There your father was. He was so pale. A ventilator breathed for him. His body, wasted by cancer, flopped like a rag doll. I touched his fingers and they were cool, vessels clamped down by the medicines keeping his blood pressure from plummeting. I imagined caring for him in the I.C.U., trying not to hurt him even more.
You came in crying, your brother and a sister trailing behind. It was summer and you wore a flowered skirt, your brother in a T-shirt that said something happy about Hawaii. I walked up to you, introduced myself. I’m sure you don’t remember my name.
The social worker pointed us to a small meeting room down the hall. It must have doubled as an exam room and there were not enough chairs for all of us, so I sat down on a stretcher.
Your father had come home just the day before from the last in a long series of hospital stays for incurable cancer, you told me, weak but awake, with plans to begin hospice care at home. He had been able to talk to you and he seemed happy to be back in his own bed. He took little sips of juice.
The hospice team had stopped by as planned, to introduce themselves to your family and to begin the mountains of required paperwork. They explained that they’d return the next day to talk more about what would happen as your father grew sicker, to teach you about how to use the meds that would treat his pain and to sign an advance directive so that he would not end up back in the hospital. They didn’t want to overload you with too much on that one day.
But in the morning, before anyone from hospice had come back, your father’s breathing grew short. You did not yet have the tools to react when he started to gasp. You tried to do the right thing. First you called hospice. But as you waited on the line, your father stopped breathing altogether. Your brother panicked, yelled for you to call 911. This is what life had trained you to do in an event of an emergency, and so you called. You were so scared.
Over the phone, they coached your brother through the chest compressions. He did exactly as they said, and then he felt a crunch. At first he did not know what it could be but then he realized his father’s ribs were breaking. He asked if he was doing something wrong and the 911 operator said it was O.K., that he should continue, that sometimes ribs break. It meant that he was doing a good job, that his hands were strong.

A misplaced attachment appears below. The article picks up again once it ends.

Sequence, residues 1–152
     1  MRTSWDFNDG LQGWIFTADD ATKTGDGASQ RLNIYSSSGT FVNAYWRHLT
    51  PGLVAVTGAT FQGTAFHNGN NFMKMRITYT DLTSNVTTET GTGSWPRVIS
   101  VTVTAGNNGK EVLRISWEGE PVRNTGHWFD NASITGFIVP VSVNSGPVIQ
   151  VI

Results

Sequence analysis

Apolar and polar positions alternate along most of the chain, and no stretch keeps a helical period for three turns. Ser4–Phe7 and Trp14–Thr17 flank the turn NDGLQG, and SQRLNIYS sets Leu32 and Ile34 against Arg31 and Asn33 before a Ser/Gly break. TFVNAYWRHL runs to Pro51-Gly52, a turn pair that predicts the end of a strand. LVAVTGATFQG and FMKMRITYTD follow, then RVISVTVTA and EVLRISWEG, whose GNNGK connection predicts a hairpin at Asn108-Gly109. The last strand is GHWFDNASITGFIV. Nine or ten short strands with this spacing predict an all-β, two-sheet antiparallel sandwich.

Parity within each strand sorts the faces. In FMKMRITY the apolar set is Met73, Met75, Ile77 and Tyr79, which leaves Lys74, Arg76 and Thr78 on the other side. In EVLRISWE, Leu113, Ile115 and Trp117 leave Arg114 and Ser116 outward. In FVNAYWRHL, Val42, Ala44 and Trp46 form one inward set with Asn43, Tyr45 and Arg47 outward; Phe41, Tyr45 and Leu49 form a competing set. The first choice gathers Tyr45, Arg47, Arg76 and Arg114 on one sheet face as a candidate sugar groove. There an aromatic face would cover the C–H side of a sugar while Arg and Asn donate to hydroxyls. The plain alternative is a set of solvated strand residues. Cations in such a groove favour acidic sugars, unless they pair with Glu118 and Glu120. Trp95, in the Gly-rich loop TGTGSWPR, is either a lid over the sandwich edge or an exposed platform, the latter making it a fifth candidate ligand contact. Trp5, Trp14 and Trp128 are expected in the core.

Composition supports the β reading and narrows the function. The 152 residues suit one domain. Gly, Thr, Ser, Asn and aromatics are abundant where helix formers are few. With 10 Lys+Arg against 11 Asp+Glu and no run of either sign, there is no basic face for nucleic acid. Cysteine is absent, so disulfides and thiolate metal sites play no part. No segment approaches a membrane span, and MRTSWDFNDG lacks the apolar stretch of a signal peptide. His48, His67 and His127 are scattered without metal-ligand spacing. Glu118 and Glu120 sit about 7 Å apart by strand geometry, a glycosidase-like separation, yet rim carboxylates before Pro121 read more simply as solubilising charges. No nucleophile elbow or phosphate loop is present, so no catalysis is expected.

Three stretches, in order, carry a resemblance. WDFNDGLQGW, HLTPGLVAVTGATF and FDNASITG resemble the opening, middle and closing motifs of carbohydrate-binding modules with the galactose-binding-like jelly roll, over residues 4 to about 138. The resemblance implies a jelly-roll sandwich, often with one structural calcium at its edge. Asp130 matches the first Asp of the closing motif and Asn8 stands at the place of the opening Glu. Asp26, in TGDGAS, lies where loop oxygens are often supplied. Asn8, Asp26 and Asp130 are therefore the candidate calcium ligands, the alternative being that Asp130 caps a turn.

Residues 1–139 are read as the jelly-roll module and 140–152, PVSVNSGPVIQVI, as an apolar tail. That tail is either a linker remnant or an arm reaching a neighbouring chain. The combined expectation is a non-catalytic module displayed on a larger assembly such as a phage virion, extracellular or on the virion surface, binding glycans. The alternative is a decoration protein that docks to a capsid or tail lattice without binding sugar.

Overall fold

He was still doing chest compressions when the emergency medical team arrived. They restarted your father’s heart with shocks of electricity, slid down the breathing tube. If it had been just a few hours later, he might have had a signed form at his home telling them not to do those things.
In the E.R., you took in a sharp breath, surprised, when I mentioned the tube. In the flurry of activity, you must not have seen them doing this.
“He’s not breathing on his own?” you asked.
“No,” I said.
You were quiet for a moment, we all were. But when you spoke your voice was certain. “He would never want that,” you told me. “He wanted to be at home with us. He didn’t want to die, but he never wanted to be kept alive by machines.”
I shifted on the stretcher. Then I explained to you that although I worked in the I.C.U., your father didn’t have to come up there. We could take out his breathing tube down there in the E.D. Your father would have wanted a chaplain, you told me, and so we could call one. It would not be the chaplain he knew, the one that might have been able to come to your home, but it would be the best that we could do. He would pass quickly, I said. We would make sure that he was comfortable.
You all nodded. It had happened so quickly. You never expected to end up here.
“I’m so sorry,” I told you.
Those words felt so small, but I wasn’t sure what else to say. I know that even in the best of circumstances, dying at home demands an incredible amount of family members, more than they expect, and surely more than doctors like me ever realize. I simply have no idea what it must feel like to be at home watching a person you love take his last breaths. Sometimes that reality is untenable. I’m not sure it’s even possible to fully ready yourself for this. Of course people get scared and plans fail.
But we didn’t even give you a chance to make it work. We could have made sure you filled out an advance directive before you left the hospital, but we didn’t. You trusted us to make a safe plan for your father, but you were left to watch him struggle without knowing how to help. You hadn’t yet learned that you could have given him medications to ease his breathing, to keep him calm. You didn’t have time to realize that calling 911 would start a cascade of interventions that your father had never wanted.
And now, your brother will always remember the feeling of his father’s ribs breaking under his hands. You will always remember the fear you felt when you saw your father gasp for air. You will know that he died in our E.R., behind a curtain, in a room that was not his own.
My apology can’t take away those memories. But I can hope that when you look back on your father’s death, you will also see this: You did everything you could. We’re the ones who must do better.
Daniela Lamas is a pulmonary and critical care physician at Brigham and Women’s Hospital in Boston.